BAMAKO: Nearly 100 people were killed in a gruesome overnight attack on a village in central Mali, in the latest violence to strike the fragile region, officials said on Monday.
There was no immediate claim of responsibility but the massacre, targeting a village inhabited by the Dogon community, bore the hallmarks of tit-for-tat ethnic attacks that have claimed hundreds of lives, new gathering agency AFP reported.
It came less than three months after nearly 160 members of the Fulani ethnic group were slaughtered by a group identified as Dogon.
“Right now we have 95 dead civilians. The bodies are burned, we are continuing to look for others,” an official in Koundou district, where the village of Sobane-Kou is located, said.
The government, giving a provisional toll, said 95 people had been killed, 19 were missing, numerous farm animals had been slaughtered and homes had been torched.
“Armed men, suspected to be terrorists, launched a murderous attack on this peaceful village,” it said in a statement.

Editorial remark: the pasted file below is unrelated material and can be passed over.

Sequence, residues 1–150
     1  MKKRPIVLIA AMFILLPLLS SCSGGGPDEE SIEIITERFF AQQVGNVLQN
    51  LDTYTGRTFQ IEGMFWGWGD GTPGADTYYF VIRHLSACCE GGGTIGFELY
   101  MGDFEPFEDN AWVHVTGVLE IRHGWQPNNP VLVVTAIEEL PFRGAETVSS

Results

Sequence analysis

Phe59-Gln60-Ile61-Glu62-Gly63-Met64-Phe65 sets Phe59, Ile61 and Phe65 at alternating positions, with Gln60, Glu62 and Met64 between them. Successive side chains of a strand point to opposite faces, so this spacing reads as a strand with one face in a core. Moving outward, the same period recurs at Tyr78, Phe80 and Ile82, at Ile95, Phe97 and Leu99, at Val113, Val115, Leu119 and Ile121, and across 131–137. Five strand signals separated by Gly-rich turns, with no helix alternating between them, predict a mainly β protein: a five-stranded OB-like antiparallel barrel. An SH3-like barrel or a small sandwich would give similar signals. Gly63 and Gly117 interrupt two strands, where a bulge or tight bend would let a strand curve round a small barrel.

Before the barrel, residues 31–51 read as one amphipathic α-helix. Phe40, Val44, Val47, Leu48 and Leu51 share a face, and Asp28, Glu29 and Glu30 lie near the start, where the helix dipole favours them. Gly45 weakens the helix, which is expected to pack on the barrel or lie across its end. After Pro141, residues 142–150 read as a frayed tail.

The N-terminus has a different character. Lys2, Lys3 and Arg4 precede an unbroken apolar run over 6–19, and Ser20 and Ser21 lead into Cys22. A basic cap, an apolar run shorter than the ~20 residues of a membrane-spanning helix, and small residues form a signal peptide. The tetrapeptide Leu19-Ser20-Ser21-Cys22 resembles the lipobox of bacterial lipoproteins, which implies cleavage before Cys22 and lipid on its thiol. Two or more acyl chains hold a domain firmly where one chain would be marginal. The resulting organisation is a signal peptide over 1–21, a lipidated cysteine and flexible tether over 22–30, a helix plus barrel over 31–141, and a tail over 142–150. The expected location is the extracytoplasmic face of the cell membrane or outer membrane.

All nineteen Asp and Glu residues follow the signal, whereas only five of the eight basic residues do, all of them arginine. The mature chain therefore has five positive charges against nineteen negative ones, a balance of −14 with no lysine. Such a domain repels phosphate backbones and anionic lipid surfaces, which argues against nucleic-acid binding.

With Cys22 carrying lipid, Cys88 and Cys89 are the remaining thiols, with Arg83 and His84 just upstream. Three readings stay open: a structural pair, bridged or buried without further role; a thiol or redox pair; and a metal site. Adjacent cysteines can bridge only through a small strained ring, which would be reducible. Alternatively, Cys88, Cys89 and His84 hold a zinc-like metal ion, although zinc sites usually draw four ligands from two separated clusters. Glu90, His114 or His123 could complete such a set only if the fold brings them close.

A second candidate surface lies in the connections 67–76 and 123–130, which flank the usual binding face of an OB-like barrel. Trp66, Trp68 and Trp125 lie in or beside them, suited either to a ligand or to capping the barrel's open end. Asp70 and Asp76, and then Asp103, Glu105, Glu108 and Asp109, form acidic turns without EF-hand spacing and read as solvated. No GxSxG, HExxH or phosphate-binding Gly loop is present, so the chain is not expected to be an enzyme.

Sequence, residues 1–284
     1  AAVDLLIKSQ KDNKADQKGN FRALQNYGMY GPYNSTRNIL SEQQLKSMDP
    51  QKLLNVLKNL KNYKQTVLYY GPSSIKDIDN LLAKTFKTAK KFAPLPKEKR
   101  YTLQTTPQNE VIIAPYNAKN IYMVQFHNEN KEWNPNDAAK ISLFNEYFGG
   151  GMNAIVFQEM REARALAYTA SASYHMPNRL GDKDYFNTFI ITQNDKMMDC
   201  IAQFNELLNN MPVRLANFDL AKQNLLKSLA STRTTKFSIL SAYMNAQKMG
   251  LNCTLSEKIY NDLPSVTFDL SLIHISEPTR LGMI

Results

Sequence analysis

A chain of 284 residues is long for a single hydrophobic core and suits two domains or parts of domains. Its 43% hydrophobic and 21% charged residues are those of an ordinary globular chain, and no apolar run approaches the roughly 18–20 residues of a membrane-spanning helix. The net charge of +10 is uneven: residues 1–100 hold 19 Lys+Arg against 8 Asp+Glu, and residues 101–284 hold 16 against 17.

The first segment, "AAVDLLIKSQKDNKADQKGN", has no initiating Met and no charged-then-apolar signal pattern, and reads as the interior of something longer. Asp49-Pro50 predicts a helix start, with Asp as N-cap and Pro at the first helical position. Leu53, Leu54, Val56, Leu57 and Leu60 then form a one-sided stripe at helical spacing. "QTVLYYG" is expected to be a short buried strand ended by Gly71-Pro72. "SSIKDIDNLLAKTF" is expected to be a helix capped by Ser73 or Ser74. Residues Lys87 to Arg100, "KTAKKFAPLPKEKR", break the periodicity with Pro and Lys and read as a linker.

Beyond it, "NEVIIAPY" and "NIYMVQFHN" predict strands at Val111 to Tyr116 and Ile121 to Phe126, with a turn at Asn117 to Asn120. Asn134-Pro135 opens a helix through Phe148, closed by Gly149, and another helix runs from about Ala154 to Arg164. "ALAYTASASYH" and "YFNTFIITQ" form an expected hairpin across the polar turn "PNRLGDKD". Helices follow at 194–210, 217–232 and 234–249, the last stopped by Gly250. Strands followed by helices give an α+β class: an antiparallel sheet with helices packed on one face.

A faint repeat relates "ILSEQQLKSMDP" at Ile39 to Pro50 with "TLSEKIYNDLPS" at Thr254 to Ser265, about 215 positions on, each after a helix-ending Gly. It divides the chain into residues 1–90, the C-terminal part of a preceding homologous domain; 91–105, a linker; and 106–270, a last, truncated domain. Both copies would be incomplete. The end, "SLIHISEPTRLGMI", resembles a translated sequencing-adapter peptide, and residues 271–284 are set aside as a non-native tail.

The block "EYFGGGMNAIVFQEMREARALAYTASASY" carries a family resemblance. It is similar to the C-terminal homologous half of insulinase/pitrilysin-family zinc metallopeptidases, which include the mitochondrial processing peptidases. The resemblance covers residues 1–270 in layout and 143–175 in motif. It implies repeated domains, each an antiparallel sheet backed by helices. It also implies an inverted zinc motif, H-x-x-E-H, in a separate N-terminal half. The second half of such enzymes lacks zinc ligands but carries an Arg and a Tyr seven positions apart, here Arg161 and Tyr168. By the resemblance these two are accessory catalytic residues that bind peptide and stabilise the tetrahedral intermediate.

A Malian security source at the site of the massacre said “a Dogon village has been virtually wiped out.” A survivor who gave his name as Amadou Togo said “about 50 heavily armed men arrived on motorbikes and pickups.” “They first surrounded the village and then attacked — anyone who tried to escape was killed.
“Some people had their throats cut or were disembowelled, grain stores and cattle were torched. No-one was spared — women, children, elderly people.” Togo added: “We have counted 95 dead and 38 wounded, with about 20 listed as missing.” The local official said the village had a population of about 300.